Two Gentlemen of Verona By William Shakespeare Summary and Analysis Act IV: Scenes 3-4

Summary

Silvia entreats Eglamour to accompany her to Mantua, where Valentine is currently living. Eglamour has suffered a loss in love himself (his "true love died"), so he is touched when Silvia bids him "think upon my grief, a lady's grief." They are to meet in the evening at Friar Patrick's cell, where Silvia "intend[s] holy confession," and whence they shall depart.

Launce berates his dog, Crab, for ungentlemanly behavior. Crab stole a capon's leg from Lady Silvia's plate, then he relieved himself unashamedly under the Duke's table. To save his dog's hide, Launce took the blame, and the whipping:

If I had not had more wit than he, to take a
fault upon me that he did, I think verily
he had been hanged for it. (14–16)

"How many masters would do this for his servant?" Launce asks his dog. Certainly not Proteus, as we now learn. He scolds Launce for making the absurd mistake of offering his own dog as a gift to Silvia after the one Proteus meant for her had been stolen. From the sound of it, Launce seems to have substituted a Great Dane for a small poodle on the logical grounds that his dog is "as big as ten of yours, and therefore [is] the gift the greater."

Proteus has taken on a page (Julia in disguise) to help him pursue Silvia. He tells her to deliver a ring in exchange for the promised picture, whereupon Julia is hard put to contain her feelings. Queried about her reaction, she says of the absent mistress (really herself):

She dreams on him that hath forgot her love;
You dote on her that cares not for your love.
'Tis pity love should be so contrary;
And thinking on it makes me cry, "Alas!" (86–89)

In the last part of the scene, Julia delivers the ring (in fact, the one Julia had given Proteus as a keepsake) to Silvia, who is appalled at the gift.

For I have heard him say a thousand times
His Julia gave it him at his departure. (139–40)

Julia nearly reveals herself under the pressure.

Silvia: Dost thou know her?
Julia: Almost as well as I do know myself.
To think upon her woes, I do protest
That I have wept a hundred several times. (147–50)

Left with the picture of her sympathetic rival, Julia laments the absurdity of her situation. She envies the "senseless form" (inert picture) that shall "be worshipped, kissed, loved, and adored."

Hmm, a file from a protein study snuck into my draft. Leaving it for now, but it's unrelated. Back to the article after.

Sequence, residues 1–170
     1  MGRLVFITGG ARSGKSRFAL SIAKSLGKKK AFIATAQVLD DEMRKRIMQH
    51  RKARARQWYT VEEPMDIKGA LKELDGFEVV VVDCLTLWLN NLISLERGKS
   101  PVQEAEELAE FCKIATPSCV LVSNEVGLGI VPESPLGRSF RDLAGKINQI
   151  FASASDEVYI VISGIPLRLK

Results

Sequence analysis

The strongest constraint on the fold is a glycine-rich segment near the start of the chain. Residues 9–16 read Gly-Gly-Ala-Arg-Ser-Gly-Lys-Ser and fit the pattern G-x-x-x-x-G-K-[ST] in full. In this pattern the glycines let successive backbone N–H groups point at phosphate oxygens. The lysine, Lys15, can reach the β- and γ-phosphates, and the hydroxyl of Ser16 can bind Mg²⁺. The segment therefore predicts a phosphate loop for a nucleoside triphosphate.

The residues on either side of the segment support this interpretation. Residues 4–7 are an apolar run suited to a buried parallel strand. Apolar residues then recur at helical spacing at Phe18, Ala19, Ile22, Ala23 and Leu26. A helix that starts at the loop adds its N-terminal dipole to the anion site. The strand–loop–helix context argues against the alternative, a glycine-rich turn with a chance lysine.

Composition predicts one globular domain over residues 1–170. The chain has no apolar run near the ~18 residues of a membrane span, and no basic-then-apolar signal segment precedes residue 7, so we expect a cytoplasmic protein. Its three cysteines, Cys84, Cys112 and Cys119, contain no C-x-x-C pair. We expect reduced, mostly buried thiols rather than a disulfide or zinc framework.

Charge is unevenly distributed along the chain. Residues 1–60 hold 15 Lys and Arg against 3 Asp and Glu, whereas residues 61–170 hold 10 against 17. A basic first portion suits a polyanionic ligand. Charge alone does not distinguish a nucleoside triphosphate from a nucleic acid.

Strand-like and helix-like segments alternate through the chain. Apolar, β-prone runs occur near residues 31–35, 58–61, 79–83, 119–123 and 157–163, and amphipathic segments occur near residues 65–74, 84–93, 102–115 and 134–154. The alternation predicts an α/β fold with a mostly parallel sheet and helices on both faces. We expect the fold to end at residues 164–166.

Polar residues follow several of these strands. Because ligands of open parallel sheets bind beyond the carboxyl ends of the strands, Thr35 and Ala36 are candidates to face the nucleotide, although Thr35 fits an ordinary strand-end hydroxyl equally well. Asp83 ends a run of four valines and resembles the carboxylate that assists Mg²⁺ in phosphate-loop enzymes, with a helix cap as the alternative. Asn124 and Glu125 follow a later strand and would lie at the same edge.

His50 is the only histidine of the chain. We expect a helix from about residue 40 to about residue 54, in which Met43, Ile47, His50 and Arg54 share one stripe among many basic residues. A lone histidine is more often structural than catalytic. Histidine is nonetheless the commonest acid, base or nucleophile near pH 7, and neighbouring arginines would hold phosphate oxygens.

Analysis

In these scenes, we have two instances of behavior in counterpoint to Proteus's, one serious and one comic. Eglamour is not so much a character in his own right as he is a means to further the plot and to represent an example of noble, selfless behavior. Launce is, of course, the comic equivalent of this altruism, a true friend to his dog:

I have set in the stocks for puddings [sausages]
he hath stol'n; otherwise he had been executed.
I have stood on the pillory for geese he hath killed;
otherwise he had suffered for it. (33–36)

In the scenes between Julia (as page) and Proteus, then Julia and Silvia, Shakespeare comes as close as he does anywhere in The Two Gentlemen of Verona to creating the dramatic intensity which his later romantic comedies are noted for. The disguise motif functions here similarly to its later uses — in As You Like It or Twelfth Night, the difference being the poetic fabric is not quite of the same quality. Note the tension as Proteus unknowingly insults his lover to her face:

Proteus: . . . go presently, and take this ring with thee;
Deliver it to Madam Silvia.
She loved me well delivered it to me.
Julia: It seems you loved not her, to leave her token.
She is dead, belike?
Proteus: Not so; I think she lives.
Julia: Alas! Proteus: Why dost thou cry "alas"?
Julia: I cannot choose But pity her. (76–85)

Julia's conundrum worsens as she meets her arch-rival and finds her not at all unpleasant: "A virtuous gentlewoman, mild and beautiful!" There is special poignance in the concluding monologue, as Julia contemplates the image of her rival, by turns mildly disparaging her qualities ("and yet the painter flattered her a little") and venting her inner anger:

I'll use thee [the picture] kindly for thy mistress' sake,
That used me so; or else, by Jove I vow,
I should have scratched out your unseeing eyes,
To make my master out of love with thee! (207–10)

The idea of giving Julia the stage property image to address in her moment of despair adds concreteness to the scene. Note the different ways in which the actress playing Julia might handle the portrait.

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At the end of the play, who does Julia meet and characterize as “A virtuous gentlewoman, mild and beautiful!”



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